What We Make

Chanda Rice

MARRIAGE AND HUSBANDS: AN EXCERPT

But let’s get back to Momma’s funeral.

So as I walked up on her, I could see that they put that fucking dress from out the back of the closet on her and her hair was GONE. They gave her a short curly bush! This American Indian was lying there with an African hair do! I know she was hot. I could hear her saying “I’m NOT no nigger like y’all.” This was one of her constant rants. Yeah, I know, I jump around a lot! “You just hold on and try to keep up with a chick!” It is amazing how the mind is so accurate in remembering shit from the past but forgets shit that happened yesterday. I just stood there pondering, clutching her sleeve.

I wondered what they were going to do to me next. I thought of the lies I told her on where the money came from and what I had to do to get it. She knew, she groomed me for the Game. So spiritually I took everything, all the lies and the reasons to lie and put them in her coffin with her! Hell, it was her shit and I was giving it back. “Take this with you!” My dad had to come get me. He had to pry my fingers from her sleeve. This was my first black out and I wasn’t even on drugs at the time! People would have blackouts from drinking or drugs. But it has been known to happen to people under complete duress where they black out from the trauma.

All I remember is sitting in the limo and the two songs that came on the radio: “Through the Fire” by Chaka Khan and “Better Days” by Dianne Reeves.
This was my insight into what they had planned for me. These songs let me know that I was going to go through some rough times, but I was going to make it.

I walked around like this for months in this state of confusion. I was fucked up—I would walk all the way up to Woolston Avenue to the cemetery. When I’d get there I’d just lay there and cry and dig. I must have done that for at least three months.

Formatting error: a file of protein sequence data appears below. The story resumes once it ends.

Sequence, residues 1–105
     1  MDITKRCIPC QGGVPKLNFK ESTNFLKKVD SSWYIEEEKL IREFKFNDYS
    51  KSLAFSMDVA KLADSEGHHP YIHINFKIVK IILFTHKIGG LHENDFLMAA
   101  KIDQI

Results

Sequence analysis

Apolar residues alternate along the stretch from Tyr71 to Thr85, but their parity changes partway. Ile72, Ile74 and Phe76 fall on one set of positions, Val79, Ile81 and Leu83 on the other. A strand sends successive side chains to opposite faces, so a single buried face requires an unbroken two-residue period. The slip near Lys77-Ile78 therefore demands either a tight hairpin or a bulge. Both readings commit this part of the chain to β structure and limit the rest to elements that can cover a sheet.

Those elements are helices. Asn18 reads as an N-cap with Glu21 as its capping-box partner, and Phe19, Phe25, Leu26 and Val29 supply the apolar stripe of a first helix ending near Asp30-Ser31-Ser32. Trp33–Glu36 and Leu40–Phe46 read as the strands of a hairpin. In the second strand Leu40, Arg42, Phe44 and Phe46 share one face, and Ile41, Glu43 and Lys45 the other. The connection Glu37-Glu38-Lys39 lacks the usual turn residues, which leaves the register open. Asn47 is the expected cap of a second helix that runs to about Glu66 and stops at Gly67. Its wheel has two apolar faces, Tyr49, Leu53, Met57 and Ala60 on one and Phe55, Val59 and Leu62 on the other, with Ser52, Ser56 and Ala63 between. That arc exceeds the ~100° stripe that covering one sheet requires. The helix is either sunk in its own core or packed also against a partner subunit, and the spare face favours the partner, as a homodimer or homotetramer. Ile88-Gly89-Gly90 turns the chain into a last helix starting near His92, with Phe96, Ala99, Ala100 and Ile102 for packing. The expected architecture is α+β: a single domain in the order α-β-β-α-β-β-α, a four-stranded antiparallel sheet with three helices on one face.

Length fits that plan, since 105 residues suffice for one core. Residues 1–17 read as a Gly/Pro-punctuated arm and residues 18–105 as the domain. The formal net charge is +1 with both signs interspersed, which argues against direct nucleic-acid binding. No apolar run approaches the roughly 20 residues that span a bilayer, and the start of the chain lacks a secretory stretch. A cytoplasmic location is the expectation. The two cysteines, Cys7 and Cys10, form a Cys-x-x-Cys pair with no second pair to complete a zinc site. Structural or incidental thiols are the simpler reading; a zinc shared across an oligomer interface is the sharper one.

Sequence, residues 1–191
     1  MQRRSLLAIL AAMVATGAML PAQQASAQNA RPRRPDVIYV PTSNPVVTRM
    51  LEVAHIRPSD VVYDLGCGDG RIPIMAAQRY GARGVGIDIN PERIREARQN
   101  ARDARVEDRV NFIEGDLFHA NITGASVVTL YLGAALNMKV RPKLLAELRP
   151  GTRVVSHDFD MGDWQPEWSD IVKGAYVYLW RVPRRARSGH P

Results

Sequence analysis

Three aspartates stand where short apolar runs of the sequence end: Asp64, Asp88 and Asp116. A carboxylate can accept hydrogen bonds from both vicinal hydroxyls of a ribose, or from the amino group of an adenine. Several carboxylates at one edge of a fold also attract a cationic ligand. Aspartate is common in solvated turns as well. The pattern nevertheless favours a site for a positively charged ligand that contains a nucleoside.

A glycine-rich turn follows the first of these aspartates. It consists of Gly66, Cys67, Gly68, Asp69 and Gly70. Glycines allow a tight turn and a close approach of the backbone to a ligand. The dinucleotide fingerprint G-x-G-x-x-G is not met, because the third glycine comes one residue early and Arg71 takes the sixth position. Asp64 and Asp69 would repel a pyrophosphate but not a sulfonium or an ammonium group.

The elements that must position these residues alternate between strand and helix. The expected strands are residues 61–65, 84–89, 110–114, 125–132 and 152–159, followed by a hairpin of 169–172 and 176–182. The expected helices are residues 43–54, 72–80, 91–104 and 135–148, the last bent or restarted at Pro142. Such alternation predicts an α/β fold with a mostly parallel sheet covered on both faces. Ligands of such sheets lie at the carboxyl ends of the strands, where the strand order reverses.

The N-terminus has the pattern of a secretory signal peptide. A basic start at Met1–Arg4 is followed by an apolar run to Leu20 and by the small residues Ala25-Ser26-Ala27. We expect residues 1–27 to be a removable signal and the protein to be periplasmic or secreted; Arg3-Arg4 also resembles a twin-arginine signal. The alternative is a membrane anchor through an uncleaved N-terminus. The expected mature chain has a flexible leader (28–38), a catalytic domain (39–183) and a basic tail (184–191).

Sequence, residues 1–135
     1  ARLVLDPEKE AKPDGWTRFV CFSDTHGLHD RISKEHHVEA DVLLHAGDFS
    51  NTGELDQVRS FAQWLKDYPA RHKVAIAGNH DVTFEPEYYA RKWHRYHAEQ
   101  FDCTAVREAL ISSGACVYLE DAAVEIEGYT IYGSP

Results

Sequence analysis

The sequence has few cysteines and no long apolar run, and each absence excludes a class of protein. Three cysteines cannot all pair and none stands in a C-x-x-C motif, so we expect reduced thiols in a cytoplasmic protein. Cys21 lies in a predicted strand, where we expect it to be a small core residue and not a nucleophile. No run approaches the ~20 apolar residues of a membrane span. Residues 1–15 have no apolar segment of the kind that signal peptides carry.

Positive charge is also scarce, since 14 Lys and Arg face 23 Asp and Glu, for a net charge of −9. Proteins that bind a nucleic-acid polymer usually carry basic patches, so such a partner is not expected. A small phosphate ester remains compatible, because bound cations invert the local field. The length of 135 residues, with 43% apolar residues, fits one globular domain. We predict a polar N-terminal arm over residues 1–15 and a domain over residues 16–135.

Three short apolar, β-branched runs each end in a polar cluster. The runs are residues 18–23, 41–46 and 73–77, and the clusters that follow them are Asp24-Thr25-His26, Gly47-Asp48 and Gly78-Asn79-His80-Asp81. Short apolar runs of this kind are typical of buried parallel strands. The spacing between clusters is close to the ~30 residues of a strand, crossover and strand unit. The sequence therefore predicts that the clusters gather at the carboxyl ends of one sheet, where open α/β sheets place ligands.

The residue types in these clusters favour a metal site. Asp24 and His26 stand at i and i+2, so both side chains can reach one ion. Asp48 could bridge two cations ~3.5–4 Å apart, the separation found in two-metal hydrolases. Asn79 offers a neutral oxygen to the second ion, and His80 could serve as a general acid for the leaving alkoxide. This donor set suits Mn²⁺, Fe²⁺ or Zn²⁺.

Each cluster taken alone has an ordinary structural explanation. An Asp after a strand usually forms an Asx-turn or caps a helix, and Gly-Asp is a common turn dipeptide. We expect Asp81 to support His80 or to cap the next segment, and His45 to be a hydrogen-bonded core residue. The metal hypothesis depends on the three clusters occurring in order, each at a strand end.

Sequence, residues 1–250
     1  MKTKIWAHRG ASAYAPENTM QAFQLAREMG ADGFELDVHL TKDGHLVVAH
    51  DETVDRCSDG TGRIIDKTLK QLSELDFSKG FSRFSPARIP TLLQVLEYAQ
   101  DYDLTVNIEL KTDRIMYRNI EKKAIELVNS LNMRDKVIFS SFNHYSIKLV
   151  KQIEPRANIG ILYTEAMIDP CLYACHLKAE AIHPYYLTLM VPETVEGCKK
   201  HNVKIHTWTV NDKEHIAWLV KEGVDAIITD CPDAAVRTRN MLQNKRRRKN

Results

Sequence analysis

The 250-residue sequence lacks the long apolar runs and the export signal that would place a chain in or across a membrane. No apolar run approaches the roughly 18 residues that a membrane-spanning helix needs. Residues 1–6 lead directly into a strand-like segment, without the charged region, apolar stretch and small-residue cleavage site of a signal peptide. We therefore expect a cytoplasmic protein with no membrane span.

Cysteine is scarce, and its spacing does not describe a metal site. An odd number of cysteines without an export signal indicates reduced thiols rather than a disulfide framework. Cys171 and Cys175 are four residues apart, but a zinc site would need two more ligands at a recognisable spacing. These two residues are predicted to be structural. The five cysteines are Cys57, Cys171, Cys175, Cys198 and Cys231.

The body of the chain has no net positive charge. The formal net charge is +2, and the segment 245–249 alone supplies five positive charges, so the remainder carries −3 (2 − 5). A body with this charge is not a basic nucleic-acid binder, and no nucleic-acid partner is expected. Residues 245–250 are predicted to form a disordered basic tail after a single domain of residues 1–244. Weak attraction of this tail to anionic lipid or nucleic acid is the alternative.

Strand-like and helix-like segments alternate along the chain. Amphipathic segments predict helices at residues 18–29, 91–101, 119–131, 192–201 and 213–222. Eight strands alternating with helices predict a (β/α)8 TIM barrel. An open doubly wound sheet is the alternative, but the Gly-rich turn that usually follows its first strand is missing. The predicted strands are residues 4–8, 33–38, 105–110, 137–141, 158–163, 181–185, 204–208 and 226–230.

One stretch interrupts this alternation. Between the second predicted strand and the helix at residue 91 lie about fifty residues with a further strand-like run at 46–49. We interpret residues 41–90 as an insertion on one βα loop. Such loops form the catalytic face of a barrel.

TWENTY FIVE SENTENCE AUTOBIOGRAPHY

1. Being abandoned.
2. Growing up abused by grandmother and family.
3. Overcompensating for siblings lost.
4. Being loved.
5. Burying first husband.
6. Burying idea of second husband.
7. Cutting family ties.
8. Not being Anne Johnson.
9. Living on my own.
10. Getting sober again.
11. Looking for Mesha.
12. Loss of Mesha.
13. Receiving Ferd.
14. Play with Ferd.
15. Feeling alone.
16. Waiting for Fridays.
17. Tried to deny I was aware.
18. Tried to hold 9 year relationship together alone.
19. Found myself still losing my Identity.
20. Went back to church.
21. Started class at Drexel.
22. Found out I can still dream.
23. Found out some people never change.
24. Found out I can make it on my own.
25. Walking in who GOD made me to be.


MOTHER’S DAY

Sunday, May 10, 2015

It is 3:10 & I’ve just gotten finished watching the mother of all movies, Imitation of Life. I fell in love with this movie the 1st time I saw it and waited for it to come on every year since. So when I watched it—color & black & white—it was in hopes that my little girl would do better. But I’m Annie Johnson & she’s Sarah Jane. I found that out today. Really, I been knew it. I was still hoping that it would change. I wonder if because I didn’t get her like others got babies it had something to do with her disposition. I walked around in a state of confusion even after she got here under a curtain of mockery. Her father & I NEVER had sex. I let him put it in between my legs while we were standing up. He never penetrated me. Which also made me the joke of every family gathering. “So where did he put it?”

I sat up all night trying to give birth. Me & Miss Chunky. A nurse came by with magazines so I bought a Playgirl. Since I didn’t have no dick & I’m having his baby I thought I might as well find out what dick looks like. I’d dreamed of Marvin Gaye. I looked up & my cousin Moe was coming in my room with a case of formula & Pampers & he told me, “From now on, that pussy is mines” & he walked out. I was 13 & it was Mother’s Day. It didn’t take her long before she turned on me too. I thought if I breastfed her it would bring her close; she would chew my nipples until they cracked & look up at me & smile. But I still had to nurse her. She would expose me in front of people or throw her bottle to not be weaned. Her 1st words to me were, “I don’t like you!”

Because I was young & inexperienced & also because children don’t come with instructional manual, I fumbled. Sometime when she do mean things to me, I’d let her have it. But then I’d remember that I chose her cause Momma wanted me to get rid of her. Sometimes I wonder how far would I have gotten without her. I tried my best. Back then black folks as well as society frowned on a woman/girl who had a baby out of wedlock and they would send you down south & when you came back it would be your sibling or they would take your baby & that’s what my grandmother by the help of Mildred & my sister did. I tried to give her things to secure our bond but that’s all I did. I gave her things.